A few weeks ago I met Emma Osenton (@waterrat77) who calmly suggested in the bar that I entered an event she was organising – Clifcross. Gulping back my gaffaws and the preposterousness of this suggestion I mentioned that I didn’t have a cross bike, no problems says Emma enter on your hardtail. I then mention that I’m bascially rubbish and after finding out that it is a 30mile primarily off road affair in the South Pennines didn’t think I’d be physically able to get round, no worries says Emma I’ll take you out for a bit of recce on the route. Well I couldn’t refuse that kind offer so last weekend I pitched up rather nervously to have a look at the route, what I didn’t expect was that I thought we might have a look at a few bits and see how I got on riding them, Emma however clearly had other ideas as we set out to ride the whole route – gulp. Baptism of fire or what.
I did warn Emma that I’m not called the Snail from South Wales for nothing but Emma was fantastically patient riding slowly along with me and/or waiting at the top of the hills for me. I did feel somewhat guilty as by the time I got to the top I feared Emma would be getting cold but there was not much I could do about it as I was putting in all the effort I had. A word on the hills, the route is hilly and very steeply hilly in lots of places but I did pretty much get up all that I was able to ride up although I was so slow at times that I could see snails overtaking me. Emma on the other hand did not appear to notice that there were any hills as she simply appeared to glide up any and all inclines and I have to say it was humbling to ride with someone so good. As well as the hills there was another challenge on the route and that was snow drifts which meant that on many occasions we had to clamber over and through some deep snow.
As we were going round I was determined not to ask how far we got as I feared that if Emma had said ‘Oh we’ve not got halfway yet’ I might have collapsed in a defeated heap, I just tried to keep turning the pedals and moving forward. I fear that Emma will think of me as the world’s worst conversationalist because as she happily chatted away I could never really reply either because I was slipping away from her wheel and could not hear her or was puffing along beside her gulping in the oxygen and only able to respond in monosyllabic grunts but Emma’s cheerful and positive demeanor kept me going on the way round.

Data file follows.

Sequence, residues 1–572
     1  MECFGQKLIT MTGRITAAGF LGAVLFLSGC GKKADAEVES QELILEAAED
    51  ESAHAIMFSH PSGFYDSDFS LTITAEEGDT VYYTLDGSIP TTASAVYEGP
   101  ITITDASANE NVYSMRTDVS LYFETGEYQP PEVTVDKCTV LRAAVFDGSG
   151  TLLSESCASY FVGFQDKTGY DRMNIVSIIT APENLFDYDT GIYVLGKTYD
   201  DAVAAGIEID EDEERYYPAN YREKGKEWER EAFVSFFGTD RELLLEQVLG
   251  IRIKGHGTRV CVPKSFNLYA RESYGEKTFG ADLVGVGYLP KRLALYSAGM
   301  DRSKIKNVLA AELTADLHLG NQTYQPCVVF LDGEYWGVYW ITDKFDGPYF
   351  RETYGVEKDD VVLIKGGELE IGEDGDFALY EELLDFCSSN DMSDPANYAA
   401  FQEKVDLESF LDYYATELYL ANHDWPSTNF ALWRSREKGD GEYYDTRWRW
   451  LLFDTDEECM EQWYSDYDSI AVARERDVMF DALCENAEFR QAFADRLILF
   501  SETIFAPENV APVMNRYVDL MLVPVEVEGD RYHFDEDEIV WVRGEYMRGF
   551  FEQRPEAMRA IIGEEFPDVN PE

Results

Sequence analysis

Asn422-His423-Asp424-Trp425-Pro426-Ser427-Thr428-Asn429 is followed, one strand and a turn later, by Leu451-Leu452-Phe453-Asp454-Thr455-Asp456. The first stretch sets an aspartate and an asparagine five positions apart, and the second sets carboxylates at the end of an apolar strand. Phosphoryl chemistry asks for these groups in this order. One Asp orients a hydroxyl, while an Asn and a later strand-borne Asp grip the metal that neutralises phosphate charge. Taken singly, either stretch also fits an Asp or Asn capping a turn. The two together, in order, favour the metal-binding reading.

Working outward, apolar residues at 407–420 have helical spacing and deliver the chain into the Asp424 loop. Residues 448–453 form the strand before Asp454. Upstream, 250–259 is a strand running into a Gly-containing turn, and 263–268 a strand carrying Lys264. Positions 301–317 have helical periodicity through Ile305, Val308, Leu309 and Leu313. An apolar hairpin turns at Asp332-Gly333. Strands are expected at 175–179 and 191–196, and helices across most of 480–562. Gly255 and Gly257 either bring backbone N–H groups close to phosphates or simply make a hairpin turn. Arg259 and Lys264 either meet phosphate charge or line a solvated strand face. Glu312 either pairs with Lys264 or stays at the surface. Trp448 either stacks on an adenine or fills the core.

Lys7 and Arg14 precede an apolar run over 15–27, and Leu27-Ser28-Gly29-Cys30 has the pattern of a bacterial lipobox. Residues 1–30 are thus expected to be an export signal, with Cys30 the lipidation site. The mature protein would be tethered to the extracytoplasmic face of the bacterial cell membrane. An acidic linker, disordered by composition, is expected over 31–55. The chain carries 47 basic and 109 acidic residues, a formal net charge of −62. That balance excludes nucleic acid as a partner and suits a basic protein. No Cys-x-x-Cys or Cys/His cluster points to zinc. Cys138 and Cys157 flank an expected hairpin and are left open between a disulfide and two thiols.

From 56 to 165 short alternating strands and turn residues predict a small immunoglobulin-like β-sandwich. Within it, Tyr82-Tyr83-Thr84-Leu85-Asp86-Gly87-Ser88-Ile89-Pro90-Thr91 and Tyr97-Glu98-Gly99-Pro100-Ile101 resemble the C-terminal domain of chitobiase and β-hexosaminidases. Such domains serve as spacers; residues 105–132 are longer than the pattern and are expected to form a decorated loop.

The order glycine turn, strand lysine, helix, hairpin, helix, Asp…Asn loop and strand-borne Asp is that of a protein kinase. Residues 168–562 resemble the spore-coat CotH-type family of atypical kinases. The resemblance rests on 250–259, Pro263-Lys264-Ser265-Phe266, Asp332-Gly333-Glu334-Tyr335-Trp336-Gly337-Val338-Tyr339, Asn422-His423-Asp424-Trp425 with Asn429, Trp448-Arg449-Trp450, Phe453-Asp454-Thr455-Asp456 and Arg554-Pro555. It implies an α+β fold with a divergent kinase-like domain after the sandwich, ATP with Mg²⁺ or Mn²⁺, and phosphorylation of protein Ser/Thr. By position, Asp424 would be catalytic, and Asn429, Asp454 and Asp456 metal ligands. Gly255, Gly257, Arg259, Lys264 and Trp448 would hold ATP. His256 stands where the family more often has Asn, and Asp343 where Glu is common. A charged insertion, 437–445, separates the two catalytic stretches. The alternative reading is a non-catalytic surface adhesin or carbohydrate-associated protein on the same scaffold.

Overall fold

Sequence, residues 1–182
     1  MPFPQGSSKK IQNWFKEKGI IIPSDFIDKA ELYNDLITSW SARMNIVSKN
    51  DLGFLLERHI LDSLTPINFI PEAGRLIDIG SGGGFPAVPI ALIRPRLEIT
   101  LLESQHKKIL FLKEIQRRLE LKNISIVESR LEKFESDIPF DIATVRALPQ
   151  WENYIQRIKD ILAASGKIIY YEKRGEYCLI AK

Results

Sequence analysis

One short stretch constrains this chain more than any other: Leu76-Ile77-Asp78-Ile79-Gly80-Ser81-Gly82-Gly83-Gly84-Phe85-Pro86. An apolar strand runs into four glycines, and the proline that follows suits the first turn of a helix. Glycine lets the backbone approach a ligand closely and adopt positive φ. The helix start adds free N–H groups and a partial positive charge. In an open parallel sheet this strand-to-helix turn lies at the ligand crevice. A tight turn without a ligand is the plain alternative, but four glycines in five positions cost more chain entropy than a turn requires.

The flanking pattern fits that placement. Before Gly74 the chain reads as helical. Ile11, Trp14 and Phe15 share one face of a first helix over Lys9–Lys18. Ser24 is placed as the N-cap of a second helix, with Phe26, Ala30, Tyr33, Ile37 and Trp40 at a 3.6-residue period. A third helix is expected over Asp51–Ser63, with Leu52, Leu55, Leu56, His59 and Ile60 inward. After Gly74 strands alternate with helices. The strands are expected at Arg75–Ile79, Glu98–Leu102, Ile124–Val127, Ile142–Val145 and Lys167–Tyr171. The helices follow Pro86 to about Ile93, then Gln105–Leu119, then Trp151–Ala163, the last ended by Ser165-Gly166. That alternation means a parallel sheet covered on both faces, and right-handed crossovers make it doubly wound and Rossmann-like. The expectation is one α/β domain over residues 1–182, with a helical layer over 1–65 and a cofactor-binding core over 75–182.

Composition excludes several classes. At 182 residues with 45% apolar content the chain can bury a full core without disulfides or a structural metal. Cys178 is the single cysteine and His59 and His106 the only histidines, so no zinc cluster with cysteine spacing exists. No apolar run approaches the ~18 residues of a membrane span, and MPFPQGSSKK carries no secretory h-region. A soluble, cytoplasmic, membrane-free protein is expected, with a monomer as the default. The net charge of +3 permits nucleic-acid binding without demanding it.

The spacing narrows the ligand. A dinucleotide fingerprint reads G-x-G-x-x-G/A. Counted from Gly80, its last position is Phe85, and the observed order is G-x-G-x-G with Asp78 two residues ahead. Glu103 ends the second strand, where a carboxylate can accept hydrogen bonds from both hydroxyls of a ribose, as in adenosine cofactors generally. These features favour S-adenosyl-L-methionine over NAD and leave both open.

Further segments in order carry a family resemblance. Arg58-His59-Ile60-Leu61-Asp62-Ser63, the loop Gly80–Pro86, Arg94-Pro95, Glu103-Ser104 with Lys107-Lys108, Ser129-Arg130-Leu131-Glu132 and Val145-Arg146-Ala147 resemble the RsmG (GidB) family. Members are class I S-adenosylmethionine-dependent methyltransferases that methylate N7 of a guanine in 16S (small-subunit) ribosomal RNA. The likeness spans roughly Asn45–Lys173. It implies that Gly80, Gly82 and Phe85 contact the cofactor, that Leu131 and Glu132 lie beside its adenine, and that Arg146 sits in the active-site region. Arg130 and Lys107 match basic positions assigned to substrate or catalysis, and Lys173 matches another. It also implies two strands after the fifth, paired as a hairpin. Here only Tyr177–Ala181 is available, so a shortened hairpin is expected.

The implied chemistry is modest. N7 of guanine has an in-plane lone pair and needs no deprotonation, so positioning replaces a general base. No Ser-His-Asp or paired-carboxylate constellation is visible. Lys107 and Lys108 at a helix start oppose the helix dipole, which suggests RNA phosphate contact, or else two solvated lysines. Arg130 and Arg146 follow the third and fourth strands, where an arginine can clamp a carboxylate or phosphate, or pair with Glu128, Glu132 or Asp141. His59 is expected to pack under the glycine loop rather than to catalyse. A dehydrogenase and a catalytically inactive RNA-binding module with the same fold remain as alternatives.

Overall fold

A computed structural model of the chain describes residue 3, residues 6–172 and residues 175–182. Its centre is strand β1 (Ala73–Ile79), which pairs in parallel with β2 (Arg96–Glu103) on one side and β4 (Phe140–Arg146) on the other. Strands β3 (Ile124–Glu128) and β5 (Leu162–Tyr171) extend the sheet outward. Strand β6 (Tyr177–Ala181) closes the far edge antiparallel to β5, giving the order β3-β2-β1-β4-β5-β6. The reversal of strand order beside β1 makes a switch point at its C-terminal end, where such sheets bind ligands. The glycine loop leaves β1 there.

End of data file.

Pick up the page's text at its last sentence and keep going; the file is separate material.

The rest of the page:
As I was riding I could not help but think of mountains, not the hills we were climbing or rattling down but those in our minds, or mine in particular each time I maybe rode off a small step or drop I had little waves of elation knowing that I was beginning to conquer some of the smaller mountains in my own personal Himalayas. After I reached the top of the final climb Emma mentioned that as this was a long ride for me and I’d put in a lot of effort I might not feel too good in a couple of days, my brain said ‘couple of days, I don’t feel good now!’ but with an intake of breath and one of Emma’s energy gels I rattled my way back down to the start.
I cannot tell you how incredible it felt to have got round the route, what for some people would be a good couple of hours riding was for me a monumental effort, but an effort that was rewarded by a phenonenal ride in incredible surroundings with a great person. The route really is epic in many ways and has something for every rider whether on a cross bike or MTB. For those like me just getting round will be a huge acheivement, for others who are fitter and better riders then there are challenges aplenty on the way round. Whatever end of the spectrum you are thanks must go to Emma for coming up with such an amazing route. I also owe her a personal debt of thanks for encouraging and cajouling the Snail round, I hope I can do it again when I’ll be riding on my own but either way I’ll be at the start line next weekend to try my best.